By The Society For Media Advocacy On Health, Nigeria.
The World Health Organisation (WHO) recommends family planning as a critical tool in population control, poverty reduction, improved health and human development
Studies have revealed a high fertility rate amid the absence or weak family planning programmes, especially among the poor results to exponential population growth and poorer health outcomes worldwide.
Indeed, robust family planning programmes are believed to provide a range of benefits, which are improved maternal and infant health, nutrition, as well as help individuals, obtain better educational attainment.
Family planning is an important requirement for attaining the United Nation’s Sustainable Development Goals (SDGs), Target 3.7 which calls on countries to ensure universal access to sexual and reproductive health-care services, including family planning, information and education, and the integration of reproductive health into national strategies and programmes by 2030.
To prevent overpopulation which puts women and children at the risk of poverty, contraceptives have been used as an effective tool in this regard.
The need to key into family planning services as a strategy in population control becomes imperative in view of Nigeria’s worsening poverty indices.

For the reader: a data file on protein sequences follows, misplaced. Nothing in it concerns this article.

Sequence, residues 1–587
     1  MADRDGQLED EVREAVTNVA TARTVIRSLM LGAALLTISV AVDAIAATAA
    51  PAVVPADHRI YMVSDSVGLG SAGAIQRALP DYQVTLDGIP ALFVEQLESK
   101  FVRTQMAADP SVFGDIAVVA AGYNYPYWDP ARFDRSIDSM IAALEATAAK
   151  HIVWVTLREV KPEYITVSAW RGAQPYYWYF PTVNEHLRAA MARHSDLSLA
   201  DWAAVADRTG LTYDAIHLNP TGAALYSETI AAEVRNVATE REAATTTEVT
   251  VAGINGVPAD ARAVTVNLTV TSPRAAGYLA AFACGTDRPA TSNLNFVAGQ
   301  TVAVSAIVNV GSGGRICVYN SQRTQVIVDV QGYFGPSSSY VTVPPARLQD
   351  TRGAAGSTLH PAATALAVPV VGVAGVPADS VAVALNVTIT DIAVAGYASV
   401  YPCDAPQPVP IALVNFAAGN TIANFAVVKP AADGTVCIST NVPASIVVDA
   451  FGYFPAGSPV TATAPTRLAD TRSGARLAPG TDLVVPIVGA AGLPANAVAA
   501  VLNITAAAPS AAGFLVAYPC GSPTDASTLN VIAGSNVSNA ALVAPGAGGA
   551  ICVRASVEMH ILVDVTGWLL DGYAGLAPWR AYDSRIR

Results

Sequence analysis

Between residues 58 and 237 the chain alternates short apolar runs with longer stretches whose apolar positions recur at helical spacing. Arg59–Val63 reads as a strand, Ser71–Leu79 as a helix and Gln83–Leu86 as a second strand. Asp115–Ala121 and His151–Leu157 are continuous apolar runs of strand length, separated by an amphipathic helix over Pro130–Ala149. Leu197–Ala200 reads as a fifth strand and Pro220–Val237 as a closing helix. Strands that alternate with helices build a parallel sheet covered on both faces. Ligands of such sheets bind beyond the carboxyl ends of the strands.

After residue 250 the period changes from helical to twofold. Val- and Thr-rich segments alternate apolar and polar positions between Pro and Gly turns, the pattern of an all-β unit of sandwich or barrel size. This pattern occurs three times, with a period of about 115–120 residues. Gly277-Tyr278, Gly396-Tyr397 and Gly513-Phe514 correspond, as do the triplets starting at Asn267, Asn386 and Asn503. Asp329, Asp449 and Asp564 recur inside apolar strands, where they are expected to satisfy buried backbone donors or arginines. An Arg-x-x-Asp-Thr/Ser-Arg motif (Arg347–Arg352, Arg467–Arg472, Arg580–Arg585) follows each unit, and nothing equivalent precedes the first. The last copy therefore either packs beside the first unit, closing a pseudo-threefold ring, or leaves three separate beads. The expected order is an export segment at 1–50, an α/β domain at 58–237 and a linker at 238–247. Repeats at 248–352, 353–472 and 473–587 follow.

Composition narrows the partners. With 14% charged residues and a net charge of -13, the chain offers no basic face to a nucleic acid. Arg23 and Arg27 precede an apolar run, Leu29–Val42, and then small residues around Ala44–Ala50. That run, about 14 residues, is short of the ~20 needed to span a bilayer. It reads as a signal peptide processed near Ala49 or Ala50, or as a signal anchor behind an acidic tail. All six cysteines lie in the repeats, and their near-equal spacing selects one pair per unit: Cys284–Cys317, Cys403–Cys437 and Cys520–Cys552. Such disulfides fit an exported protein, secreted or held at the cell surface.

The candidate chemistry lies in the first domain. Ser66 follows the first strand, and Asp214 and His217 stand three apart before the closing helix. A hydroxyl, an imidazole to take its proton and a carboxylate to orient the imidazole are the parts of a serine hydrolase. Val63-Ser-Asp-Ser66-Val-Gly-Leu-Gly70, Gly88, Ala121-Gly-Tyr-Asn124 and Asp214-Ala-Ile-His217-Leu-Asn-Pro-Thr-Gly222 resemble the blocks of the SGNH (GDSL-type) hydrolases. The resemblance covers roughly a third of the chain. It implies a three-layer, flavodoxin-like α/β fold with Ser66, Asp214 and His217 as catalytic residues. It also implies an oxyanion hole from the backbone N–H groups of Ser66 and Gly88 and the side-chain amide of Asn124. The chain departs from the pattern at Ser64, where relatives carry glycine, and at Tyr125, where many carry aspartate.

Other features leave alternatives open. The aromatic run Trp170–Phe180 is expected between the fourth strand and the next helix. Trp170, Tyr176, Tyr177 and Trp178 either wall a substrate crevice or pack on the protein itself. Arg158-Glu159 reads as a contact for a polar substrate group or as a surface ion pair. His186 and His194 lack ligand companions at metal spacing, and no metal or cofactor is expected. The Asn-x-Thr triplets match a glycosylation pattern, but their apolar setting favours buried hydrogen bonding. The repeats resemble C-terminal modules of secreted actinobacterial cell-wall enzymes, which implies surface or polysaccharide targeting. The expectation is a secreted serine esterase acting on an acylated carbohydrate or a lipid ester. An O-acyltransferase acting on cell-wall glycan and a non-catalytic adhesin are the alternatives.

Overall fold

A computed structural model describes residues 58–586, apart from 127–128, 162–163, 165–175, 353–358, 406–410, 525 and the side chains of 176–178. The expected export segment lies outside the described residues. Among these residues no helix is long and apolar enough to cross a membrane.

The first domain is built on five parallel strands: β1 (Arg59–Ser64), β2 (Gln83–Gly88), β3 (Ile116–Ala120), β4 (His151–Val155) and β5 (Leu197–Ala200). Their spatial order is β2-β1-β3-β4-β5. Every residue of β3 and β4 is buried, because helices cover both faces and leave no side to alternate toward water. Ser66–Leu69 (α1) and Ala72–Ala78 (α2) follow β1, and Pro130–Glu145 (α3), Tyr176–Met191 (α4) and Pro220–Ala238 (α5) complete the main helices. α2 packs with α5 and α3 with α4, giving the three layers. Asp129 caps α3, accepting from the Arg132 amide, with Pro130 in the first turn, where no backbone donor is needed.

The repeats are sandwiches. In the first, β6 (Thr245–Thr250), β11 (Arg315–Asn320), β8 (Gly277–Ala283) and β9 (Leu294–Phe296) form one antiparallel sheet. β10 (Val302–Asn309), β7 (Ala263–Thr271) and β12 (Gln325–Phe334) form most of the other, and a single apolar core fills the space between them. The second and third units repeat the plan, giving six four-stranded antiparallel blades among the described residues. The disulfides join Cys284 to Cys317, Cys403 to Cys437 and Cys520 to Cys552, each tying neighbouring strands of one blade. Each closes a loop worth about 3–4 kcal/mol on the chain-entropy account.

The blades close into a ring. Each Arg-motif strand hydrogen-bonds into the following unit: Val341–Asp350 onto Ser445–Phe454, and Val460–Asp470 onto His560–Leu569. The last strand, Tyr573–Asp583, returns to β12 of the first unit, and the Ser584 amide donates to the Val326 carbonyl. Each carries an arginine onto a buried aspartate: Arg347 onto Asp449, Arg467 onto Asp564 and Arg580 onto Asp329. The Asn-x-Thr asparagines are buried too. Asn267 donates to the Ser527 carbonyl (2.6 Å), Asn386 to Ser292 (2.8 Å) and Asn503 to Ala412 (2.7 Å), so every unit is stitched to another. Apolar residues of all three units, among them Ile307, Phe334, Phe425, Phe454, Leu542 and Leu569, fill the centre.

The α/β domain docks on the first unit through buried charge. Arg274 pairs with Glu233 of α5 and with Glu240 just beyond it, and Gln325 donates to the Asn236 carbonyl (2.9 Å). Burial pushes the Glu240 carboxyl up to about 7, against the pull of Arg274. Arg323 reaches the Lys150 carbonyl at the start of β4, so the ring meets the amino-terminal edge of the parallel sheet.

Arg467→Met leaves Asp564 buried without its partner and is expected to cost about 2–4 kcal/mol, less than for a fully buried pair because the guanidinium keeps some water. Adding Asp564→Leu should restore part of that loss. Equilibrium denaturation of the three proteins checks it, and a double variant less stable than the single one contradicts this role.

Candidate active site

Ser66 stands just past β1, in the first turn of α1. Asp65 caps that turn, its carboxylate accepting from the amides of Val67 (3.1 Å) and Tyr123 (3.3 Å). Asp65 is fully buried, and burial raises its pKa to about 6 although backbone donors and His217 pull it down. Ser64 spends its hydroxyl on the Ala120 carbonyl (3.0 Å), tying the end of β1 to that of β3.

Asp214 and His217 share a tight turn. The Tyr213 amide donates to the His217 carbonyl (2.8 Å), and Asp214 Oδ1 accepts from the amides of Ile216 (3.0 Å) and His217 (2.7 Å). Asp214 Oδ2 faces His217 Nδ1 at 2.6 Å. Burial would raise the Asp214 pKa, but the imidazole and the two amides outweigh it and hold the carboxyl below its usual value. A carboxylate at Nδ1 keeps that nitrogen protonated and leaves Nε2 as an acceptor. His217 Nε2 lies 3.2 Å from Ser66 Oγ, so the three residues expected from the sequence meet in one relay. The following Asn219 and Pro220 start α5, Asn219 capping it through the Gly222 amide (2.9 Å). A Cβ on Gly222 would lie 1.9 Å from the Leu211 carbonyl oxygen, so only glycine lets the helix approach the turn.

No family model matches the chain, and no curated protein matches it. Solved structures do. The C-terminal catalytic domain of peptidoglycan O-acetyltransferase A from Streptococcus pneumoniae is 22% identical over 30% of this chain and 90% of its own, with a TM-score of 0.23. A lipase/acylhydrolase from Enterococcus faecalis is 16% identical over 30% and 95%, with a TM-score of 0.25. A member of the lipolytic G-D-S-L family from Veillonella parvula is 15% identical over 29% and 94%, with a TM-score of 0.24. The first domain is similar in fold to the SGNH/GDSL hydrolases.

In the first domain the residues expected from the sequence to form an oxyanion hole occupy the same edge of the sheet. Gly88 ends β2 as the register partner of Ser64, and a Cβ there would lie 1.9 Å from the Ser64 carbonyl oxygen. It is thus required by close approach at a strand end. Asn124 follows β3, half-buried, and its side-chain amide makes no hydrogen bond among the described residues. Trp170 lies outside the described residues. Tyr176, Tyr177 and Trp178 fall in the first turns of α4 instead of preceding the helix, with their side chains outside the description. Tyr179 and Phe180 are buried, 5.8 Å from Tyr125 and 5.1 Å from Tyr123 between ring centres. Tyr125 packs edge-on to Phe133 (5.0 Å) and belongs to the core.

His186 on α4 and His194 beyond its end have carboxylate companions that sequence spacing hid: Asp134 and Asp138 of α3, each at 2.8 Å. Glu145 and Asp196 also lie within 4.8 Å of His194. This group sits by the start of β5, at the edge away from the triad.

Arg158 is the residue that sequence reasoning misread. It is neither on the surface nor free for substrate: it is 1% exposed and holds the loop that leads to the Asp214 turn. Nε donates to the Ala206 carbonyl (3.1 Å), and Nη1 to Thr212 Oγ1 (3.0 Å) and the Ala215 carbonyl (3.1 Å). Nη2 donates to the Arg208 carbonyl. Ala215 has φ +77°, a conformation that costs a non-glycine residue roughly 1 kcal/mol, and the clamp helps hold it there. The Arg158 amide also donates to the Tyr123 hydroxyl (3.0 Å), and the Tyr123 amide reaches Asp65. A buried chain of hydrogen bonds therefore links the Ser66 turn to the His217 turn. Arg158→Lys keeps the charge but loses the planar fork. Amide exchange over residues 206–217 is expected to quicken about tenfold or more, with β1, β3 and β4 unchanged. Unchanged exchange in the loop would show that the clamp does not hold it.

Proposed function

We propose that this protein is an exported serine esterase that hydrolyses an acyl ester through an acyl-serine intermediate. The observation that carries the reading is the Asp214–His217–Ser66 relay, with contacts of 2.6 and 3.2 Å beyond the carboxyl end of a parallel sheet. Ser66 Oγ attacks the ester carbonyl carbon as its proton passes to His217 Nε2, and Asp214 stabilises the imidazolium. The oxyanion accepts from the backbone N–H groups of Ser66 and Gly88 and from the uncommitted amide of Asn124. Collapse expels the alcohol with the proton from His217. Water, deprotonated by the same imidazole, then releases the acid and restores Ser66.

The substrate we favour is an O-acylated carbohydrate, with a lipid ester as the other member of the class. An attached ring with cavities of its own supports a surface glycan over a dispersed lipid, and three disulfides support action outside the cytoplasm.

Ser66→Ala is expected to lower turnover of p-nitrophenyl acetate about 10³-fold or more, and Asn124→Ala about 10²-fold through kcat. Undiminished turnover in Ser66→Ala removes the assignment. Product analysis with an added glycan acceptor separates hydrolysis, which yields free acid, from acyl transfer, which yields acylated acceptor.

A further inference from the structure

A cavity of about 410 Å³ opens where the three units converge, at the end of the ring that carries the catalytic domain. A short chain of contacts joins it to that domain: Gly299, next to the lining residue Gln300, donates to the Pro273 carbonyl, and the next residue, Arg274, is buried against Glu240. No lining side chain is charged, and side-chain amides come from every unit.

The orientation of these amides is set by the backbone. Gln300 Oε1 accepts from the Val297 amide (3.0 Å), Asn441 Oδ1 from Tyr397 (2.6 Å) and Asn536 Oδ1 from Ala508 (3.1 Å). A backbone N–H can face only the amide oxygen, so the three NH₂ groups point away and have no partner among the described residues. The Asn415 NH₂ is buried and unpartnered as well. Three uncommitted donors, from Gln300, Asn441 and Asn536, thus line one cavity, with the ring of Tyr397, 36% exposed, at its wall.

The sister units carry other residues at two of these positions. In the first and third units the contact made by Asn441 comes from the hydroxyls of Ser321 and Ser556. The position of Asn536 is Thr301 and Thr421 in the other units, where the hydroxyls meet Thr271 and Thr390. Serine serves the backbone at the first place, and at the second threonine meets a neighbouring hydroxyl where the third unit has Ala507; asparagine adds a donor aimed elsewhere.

Recently, the National Bureau of Statistics (NBS), in a report on poverty and inequality, reported that 40 percent of people in Nigeria lived below its poverty line of N137,430 or ($381.75) a year. The report noted that the figure represents 82.9 million people of the estimated country’s population put at 206 million.
The report also revealed that rapid population growth in the country outstrips economic growth, which stands at about two percent.
The United Nations (UN) estimates that Nigeria’s population would be 400 million by 2050. There is no doubt that if this projection comes to pass, it could worsen the economic woes of a majority of the populace that are caught in the poverty circle.
To prevent this, experts believe that family planning services could be effectively used to prevent exponential growth of the population, but simultaneously reducing poverty for individuals, couples and families that key into the initiative.
At the macro level, a study of selected developing countries show that the growth rate of per capita GDP is dependent on population growth and age dependency ratio.
According to a new Guttmacher Institute study, women’s ability to use contraceptives, and to determine whether and when to have children enhance their education and employment chances. This, in turn, improves their income, family stability, mental health, and happiness, as well as the well-being of their children.
Unarguably, Nigeria’s population has continued to grow astronomically and it is not at pace with economic growth. Such an imbalance between population size and economic development would inevitably have a negative impact on the well-being of the nation. Interestingly, family planning is one of the strategies which are proving to be effective in tackling these problems. This is the reason many countries of the world often adopt the initiative in population control in order to avert poverty.